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Abstract

Background: The present study characterizes the population of women residing in the state of Georgia who did not receive prenatal care before giving birth to a live infant. The association between mother’s place of residence (rural/non-rural) and preterm delivery was also examined.

Methods: This study examined data obtained from the Georgia Department of Public Health which includes data for 7,062 mothers who did not receive prenatal care before giving birth to a live infant in Georgia in the years 2015 and 2016. Data on the resulting births was also studied. Descriptive analyses of the following variables were used to characterize mothers not receiving prenatal care: mother’s age, race/ethnicity, education level, and county of residence in Georgia. Multivariable logistic regression examined the association between rural and non-rural residence in Georgia and the outcome of preterm birth, controlling for age, race, and education level.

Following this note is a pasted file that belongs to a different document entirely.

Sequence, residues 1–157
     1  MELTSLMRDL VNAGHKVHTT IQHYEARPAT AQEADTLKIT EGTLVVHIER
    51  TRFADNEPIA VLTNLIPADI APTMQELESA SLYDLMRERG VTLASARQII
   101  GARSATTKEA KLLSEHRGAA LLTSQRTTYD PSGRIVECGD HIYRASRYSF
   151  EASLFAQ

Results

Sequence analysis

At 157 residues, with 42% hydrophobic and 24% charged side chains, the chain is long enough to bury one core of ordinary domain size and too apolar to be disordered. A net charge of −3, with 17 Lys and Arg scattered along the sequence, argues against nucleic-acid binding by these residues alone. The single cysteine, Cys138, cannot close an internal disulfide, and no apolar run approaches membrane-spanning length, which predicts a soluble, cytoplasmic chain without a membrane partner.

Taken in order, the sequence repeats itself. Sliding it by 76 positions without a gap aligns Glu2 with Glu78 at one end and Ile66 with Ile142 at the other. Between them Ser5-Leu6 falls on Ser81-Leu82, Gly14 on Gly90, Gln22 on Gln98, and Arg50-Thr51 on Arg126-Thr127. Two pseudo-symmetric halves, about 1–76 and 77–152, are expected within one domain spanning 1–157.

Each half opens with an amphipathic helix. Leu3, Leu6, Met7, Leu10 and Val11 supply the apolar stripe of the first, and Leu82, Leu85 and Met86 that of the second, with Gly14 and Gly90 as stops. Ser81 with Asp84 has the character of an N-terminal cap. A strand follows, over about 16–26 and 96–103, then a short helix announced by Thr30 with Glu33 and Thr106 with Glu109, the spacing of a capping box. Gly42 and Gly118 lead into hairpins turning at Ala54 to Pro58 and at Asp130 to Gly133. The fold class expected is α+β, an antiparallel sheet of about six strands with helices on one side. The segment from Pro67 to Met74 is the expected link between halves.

Results: From 2015 to 2016 there were a total of 261,273 live births in Georgia, of which 2.91% of births were from mothers who received no prenatal care. Of these infants, 21.53% were born preterm, 12.12% were born low birth weight and 5.34% were born very low birth weight. There was no statistically significant difference observed for preterm births between rural and non-rural mothers who did not receive prenatal care (p= 0.0873).

Conclusions: Continued monitoring of Georgia women not receiving prenatal care is needed. The findings from this study can assist the state of Georgia in tailoring healthcare outreach efforts and in formulating population-specific intervention strategies that aim to improve access and allocation of prenatal care resources throughout the state of Georgia.

Creative Commons License

Creative Commons Attribution-Noncommercial-No Derivative Works 4.0 License
This work is licensed under a Creative Commons Attribution-Noncommercial-No Derivative Works 4.0 License.

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